Who would you rather have working at your practice or medspa—an employee who is always sneaking onto Facebook between patients or one who uses their downtime productively? How about someone who uses Twitter to blast complaints about their team members out to the public versus an employee who brings concerns to you directly?
These are easy questions to answer; unfortunately, crafting a legally enforceable company policy to remind your team about appropriate social media use is not so clear cut. You may be tempted to adapt a policy that you found online or in a colleague’s employee handbook to fit your own needs and concerns, but beware: Social media policies have become a flashpoint in labor law pertaining to employees’ rights.
If you have an existing policy or are considering one that includes wording similar to any of the following, it’s time for a review:
- “Do not discuss company, patient or employee information outside of work.”
- “Do not make any insulting, defamatory, libelous, slanderous or discriminatory comments about (the Employer), its patients, its employees or management online.”
- “Refrain from any action that would harm persons or property, or cause damage to the Company’s business or reputation.”
The National Labor Relations Board (NLRB), a government agency that upholds laws protecting employees’ rights to discuss their wages and working conditions in an attempt to improve them, has struck each of these policies down as unenforceable. The key issue is they all include vague or overly broad language.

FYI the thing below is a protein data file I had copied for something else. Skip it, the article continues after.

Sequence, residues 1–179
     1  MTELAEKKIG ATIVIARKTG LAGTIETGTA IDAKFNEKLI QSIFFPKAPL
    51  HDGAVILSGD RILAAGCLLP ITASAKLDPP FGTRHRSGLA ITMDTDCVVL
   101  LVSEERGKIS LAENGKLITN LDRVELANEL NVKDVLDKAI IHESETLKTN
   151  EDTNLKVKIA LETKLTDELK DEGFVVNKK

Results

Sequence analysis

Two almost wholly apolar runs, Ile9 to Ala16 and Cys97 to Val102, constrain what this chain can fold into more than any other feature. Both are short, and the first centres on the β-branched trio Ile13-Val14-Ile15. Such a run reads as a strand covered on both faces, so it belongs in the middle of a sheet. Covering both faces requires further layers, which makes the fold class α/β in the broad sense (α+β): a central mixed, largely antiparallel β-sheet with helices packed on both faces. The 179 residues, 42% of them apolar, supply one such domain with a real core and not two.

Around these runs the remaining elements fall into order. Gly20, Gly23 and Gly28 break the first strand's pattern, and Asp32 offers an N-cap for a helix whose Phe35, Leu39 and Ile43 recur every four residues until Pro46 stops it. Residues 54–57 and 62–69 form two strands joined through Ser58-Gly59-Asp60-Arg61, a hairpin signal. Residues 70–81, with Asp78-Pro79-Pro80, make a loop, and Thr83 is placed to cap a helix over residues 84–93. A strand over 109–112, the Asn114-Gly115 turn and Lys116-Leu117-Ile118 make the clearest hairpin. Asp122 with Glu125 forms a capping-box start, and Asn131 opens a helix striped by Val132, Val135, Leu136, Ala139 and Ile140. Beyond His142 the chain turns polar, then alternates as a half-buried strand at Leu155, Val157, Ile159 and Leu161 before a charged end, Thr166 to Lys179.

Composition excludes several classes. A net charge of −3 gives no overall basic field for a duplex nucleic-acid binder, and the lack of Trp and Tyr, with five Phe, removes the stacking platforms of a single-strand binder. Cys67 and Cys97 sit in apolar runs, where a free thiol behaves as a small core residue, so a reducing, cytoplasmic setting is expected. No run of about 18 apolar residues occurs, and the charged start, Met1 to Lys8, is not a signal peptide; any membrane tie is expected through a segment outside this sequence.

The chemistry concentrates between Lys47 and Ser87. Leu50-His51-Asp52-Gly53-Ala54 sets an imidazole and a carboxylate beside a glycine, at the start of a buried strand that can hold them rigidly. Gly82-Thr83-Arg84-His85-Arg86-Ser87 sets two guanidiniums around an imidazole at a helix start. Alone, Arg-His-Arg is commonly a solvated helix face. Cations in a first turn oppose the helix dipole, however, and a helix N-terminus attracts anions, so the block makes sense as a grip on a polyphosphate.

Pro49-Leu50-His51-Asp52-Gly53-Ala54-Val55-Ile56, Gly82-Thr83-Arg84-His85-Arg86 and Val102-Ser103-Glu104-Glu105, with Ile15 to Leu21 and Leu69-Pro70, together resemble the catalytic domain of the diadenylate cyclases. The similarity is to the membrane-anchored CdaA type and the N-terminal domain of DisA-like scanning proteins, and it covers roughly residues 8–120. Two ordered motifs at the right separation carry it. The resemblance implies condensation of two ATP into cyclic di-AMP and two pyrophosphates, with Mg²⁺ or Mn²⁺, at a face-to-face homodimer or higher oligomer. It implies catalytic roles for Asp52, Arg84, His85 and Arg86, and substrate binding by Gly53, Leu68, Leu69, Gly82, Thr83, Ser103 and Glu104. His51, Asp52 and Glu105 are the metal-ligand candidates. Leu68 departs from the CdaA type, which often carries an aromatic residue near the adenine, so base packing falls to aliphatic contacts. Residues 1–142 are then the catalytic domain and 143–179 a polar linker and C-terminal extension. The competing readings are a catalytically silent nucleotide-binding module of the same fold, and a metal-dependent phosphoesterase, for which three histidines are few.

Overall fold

Improperly written social media and internet policies can lead to trouble for employers, regardless of whether or not they enforce the written policy. This is because the NLRB has determined that vague or overly broad wording in these policies can restrict—or have a “chilling” effect on—employees’ protected rights, including the right to discuss wages and work conditions. Keep in mind: When reviewing these types of policies, the NLRB considers both the literal wording and how one might interpret the words used.
Here’s the social media policy that recently got Chipotle Mexican Grill in trouble, even though it had already been replaced: “If you aren’t careful and don’t use your head, your online activity can also damage Chipotle or spread incomplete, confidential, or inaccurate information.”
An NLRB judge ruled that the word “confidential” in this policy was “vague and subject to interpretation,” because employees could interpret it as dissuasion from exercising their rights to discuss work conditions.
In the same case, the NLRB also struck down this policy: “You may not make disparaging, false, misleading, harassing or discriminator[y] statements about or relating to Chipotle, our employees, suppliers, customers, competition, or investors.”
Here you can see more clearly how an employee might have interpreted the policy as dissuasion from speaking negatively about their boss or working conditions.
Photo copyright Getty Images.